5.31.2013

Faith and Doubt

In conversations with students, I've been faced with the relationship between faith and doubt.  Somehow, somewhere, students seem to believe that faith and doubt cannot coexist; that the existence of doubt is the negation of faith.  Where do they get this notion?

This has caused me to wonder just how many young people, or anyone for that matter, have left faith because they were discouraged by doubt.  How many have we lost who believe faith and doubt were at odds?  Isn't it more true to suggest that doubt drives us to deeper faith; that is, when we are able to truly wrestle with and deal honestly with our doubts, we are able to arrive at a deeper, more robust faith?

In Rob Bell's most recent book, What We Talk About When We Talk About God, this quote grabbed my attention:
"For many people in our world, the opposite of faith is doubt. The goal, then, within this understanding, is to eliminate doubt. But faith and doubt aren’t opposites. Doubt is often a sign that your faith has a pulse, that it’s alive and well and exploring and searching. Faith and doubt aren’t opposites; they are, it turns out, excellent dance partners."

Doubt is a sign your faith has a pulse.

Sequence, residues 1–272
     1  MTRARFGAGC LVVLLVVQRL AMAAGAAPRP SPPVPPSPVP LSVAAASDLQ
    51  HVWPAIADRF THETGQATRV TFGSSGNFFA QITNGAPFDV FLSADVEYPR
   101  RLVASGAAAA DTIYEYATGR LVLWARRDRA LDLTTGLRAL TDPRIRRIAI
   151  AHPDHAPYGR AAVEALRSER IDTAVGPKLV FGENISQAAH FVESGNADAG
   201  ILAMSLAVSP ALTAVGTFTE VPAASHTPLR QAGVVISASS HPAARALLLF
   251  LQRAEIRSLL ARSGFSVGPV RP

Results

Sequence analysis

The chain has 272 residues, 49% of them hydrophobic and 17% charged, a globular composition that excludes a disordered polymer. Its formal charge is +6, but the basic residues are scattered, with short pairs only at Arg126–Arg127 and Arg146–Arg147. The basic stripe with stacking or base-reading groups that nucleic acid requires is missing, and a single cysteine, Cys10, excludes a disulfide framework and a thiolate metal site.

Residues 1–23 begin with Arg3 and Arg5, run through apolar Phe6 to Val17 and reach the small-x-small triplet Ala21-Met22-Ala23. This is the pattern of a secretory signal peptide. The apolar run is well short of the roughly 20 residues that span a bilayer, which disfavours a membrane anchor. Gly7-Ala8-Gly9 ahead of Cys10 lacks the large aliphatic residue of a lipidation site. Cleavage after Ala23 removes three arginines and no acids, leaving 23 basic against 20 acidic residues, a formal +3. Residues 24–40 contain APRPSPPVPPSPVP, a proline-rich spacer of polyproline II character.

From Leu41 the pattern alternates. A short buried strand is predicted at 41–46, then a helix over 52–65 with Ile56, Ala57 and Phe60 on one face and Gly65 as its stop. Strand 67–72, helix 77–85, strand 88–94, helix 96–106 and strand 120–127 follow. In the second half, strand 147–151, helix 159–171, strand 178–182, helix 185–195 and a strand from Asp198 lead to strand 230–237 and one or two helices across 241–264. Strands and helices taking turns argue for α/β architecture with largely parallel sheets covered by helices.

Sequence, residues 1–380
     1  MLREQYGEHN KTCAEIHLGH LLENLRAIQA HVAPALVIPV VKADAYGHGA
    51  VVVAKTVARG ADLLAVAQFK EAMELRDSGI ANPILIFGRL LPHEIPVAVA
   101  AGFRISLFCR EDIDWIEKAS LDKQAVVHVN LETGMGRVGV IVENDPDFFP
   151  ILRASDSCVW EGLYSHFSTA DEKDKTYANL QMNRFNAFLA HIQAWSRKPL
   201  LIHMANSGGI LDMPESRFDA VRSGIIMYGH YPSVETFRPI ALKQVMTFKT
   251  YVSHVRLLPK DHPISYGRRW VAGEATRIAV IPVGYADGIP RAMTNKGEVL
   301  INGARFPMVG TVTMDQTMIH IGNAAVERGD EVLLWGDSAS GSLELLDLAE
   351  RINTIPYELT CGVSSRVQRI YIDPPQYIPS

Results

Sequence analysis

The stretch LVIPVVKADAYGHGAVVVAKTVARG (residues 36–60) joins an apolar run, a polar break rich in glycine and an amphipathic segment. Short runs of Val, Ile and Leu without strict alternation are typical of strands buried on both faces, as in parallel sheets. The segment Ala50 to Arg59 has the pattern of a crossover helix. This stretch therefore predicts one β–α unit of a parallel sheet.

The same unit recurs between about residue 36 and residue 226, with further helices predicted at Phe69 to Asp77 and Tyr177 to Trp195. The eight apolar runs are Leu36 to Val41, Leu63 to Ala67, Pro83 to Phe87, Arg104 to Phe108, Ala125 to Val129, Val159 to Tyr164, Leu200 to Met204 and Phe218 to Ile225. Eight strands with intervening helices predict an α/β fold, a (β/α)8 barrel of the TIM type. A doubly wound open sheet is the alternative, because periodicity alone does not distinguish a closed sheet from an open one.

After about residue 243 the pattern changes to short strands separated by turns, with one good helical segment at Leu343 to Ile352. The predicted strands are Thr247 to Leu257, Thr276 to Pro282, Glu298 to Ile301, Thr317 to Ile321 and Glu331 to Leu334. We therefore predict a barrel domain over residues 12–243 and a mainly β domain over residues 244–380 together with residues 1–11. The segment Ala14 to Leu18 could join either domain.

Doubt and Faith are excellent dance partners.

I find myself agreeing with these notions.  I think this will be helpful for students with whom I work.  I am reminded of the man who said to Jesus, "I do believe, help me overcome my unbelief."  Unbelief, doubt, uncertainty - this is where Jesus steps in and moves us, shapes us, changes our hearts and beliefs, our attitudes and understandings.

So why are we so uncomfortable with doubt?  Why does it seem so scary?

4 comments:

Pastoreid said...

I think one of the problems is that students & adults who doubt... leave it there. Like, "If I can doubt away something of faith, then I've un-solved it, and left holes in the theology... and concluded that it's not worth having faith about it."

“We live in a culture that has, for centuries now, cultivated the idea that the skeptical person is always smarter than one who believes. You can almost be as stupid as a cabbage as long as you doubt.” ― Dallas Willard, Hearing God: Developing a Conversational Relationship with God

pastoreid.com said...

I think one of the problems is that students & adults who doubt... leave it there. Like, "If I can doubt away something of faith, then I've un-solved it, and left holes in the theology... and concluded that it's not worth having faith about it."

“We live in a culture that has, for centuries now, cultivated the idea that the skeptical person is always smarter than one who believes. You can almost be as stupid as a cabbage as long as you doubt.”
― Dallas Willard, Hearing God: Developing a Conversational Relationship with God

Anonymous said...

Thanks for writing about this. I truly believe that faith cannot exist without doubt, if it were not for doubt wouldn't we can it "fact." I wish that Christians would speak more openly about the relationship between their doubts and their faith. Maybe then Christianity would be less intimidating.

Anna Compton

Steve Martin said...

If we don't have any doubt, then we don't need faith. Knowing, for sure...requires no faith at all.

And isn't that what the Lord is after in us?

Thanks.